I’m not perfect and like many of you still struggle with work / life balance. I was blessed in life not to have chemical dependency issues or depression but I’ve seen it all around me and take the live’s of some people I was close to. It’s why I try to write about and be available to people who suffer from depression. It’s why I try to be open about how stressful being a founder really was and how stressful being a VC is even for an obviously “privileged class” and how physically unhealthy being a founder was to me. As you will see if you read the Lawyer, Addict piece — even highly successful people can succumb to the pressures of peer expectations and relative performance that is entirely self made destruction but real nonetheless.
I love my wife and I love my children. I think some of our fondest memories will be the goofy time we spent during our travels as opposed to the planned itineraries. We’ll remember all of the games of Hearts. We’ll remember when Andy fell down the hill into the bushes (but was ok). We’ll remember throwing the football on the beach with Troy Aikman (the nicest pro football player you’ll ever meet who even with no cameras around and even once he found out we were Eagles fans was still so gracious to my boys). We’ll remember Daddy accidentally shoving an entire Serrano chili pepper into his mouth because it was dark outside and he thought it was a carrot. And we’ll remember how much time Mom spent meticulously planning with love so that our entire family could enjoy every moment.
If you’re caught on the hamster wheel, recognizing it and trying to take some actions is the first step. Having just gotten back from my first proper 2-week vacation (as opposed to extended family gathering) since 2009 I can tell you it was truly life fulfilling. I’m now ready to come back to work feeling really refreshed. As a side note if you’ve never been to Alaska it is truly one of the most beautiful, spectacular and awe-inspiring places I’ve visited. If you want to catch just a few moments of our trip you can find them on Instagram.
Below was my out-of-office reply in hopes of inspiring at least some of you to seek out your own work / life balanced vacations in the years ahead…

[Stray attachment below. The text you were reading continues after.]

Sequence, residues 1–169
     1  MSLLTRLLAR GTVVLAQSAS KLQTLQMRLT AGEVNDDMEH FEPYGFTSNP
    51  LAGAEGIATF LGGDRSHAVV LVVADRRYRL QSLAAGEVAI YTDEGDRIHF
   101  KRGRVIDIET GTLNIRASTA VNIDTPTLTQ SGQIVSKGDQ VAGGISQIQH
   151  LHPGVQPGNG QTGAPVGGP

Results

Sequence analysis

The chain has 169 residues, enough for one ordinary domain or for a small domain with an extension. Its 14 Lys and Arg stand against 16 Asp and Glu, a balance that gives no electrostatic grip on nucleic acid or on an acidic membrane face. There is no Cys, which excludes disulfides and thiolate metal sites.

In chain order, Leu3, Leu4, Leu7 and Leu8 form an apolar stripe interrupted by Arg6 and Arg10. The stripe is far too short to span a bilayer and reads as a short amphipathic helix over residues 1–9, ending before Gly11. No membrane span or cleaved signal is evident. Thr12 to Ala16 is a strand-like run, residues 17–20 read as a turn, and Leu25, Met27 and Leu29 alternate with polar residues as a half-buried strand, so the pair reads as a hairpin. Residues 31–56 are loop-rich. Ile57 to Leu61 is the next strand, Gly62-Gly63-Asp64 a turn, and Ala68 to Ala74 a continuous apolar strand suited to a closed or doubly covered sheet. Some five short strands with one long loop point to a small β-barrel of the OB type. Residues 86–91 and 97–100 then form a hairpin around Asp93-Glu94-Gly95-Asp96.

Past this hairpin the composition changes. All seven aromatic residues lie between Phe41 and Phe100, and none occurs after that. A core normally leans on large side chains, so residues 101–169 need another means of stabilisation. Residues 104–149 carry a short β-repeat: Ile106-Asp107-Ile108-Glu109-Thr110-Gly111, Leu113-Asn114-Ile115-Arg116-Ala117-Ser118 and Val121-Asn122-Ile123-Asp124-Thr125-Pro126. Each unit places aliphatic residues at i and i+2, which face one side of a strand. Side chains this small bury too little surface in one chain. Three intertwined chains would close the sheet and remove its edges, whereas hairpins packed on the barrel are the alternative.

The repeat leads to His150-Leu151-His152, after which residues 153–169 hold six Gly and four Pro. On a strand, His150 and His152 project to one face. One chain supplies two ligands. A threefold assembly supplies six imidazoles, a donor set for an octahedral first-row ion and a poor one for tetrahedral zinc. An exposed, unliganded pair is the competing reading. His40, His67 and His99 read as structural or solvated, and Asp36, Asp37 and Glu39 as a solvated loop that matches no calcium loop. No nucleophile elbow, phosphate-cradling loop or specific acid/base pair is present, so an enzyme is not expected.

Thank you for writing to me and forgive me for not responding right away.
About a year ago I was sitting down with my wife and talking about life and realizing that my two boys were about to pass me in height and in their minds they would soon be passing me, too, in worldly knowledge. As if! My eldest son was in 8th grade at the time. Like many of you, my wife & I worked our butts off in our 20s and 30s. When we had kids we did everything we could to balance daily existence, jobs, being great parents and, well, sleep. Every chance for a vacation was an opportunity to see grandparents, aunts & uncles, cousins and childhood friends. We love our families and cherish these visits but it’s different than nuclear-family downtime.
Now we face high school. And we realize we only have 4 years left as a nuclear family until we send Jacob to college. I’m even a bit verklempt as I type this. So Tania & I promised ourselves 2 great trips a year with just our nuclear family. 8 more nuclear-family vacations to create memories that we hope last beyond our time on this planet. We love our boys and our family and at this pivotal moment we also want to model good behavior where we don’t spend the entirety of our trip doing emails or checking Facebook.
So we’re off to Alaska. We won’t be 100% unplugged but we plan to as much as possible so we likely won’t see your email. When I get back I don’t plan to spend 50 hours processing old emails. So here are my asks
1. If it’s urgent please email xxxxxxxxxxx who will help. He really doesn’t mind — even if it’s just directing you to somebody else at Upfront who can help. If it’s future scheduling of a meeting for me please email xxxxxxxxxxx. If it really needs my attention please text me (I don’t mind) but know that we may not have perfect text messaging coverage. Jori has my itinerary and can find me. No, we’re not going on a cruise. Why does everybody always ask that when you tell them you’re going to Alaska?!?
2. If it can wait please email me again on July 15th. This is the single longest true vacation I have taken since 2009 and I can’t tell you how excited I am to recharge the batteries and crush my kids at Hearts.
3. If you find yourself today or in the future at the same life stage as I am, find a way to truly check out. You don’t get these days back. So I’m going to make the most of my 8 trips and 4 years. I hope if you’re able to you will one day, too.
I Only Have 7 Trips Left. On Managing Work / Life Balance, Love & Family was originally published in Both Sides of the Table on Medium, where people are continuing the conversation by highlighting and responding to this story.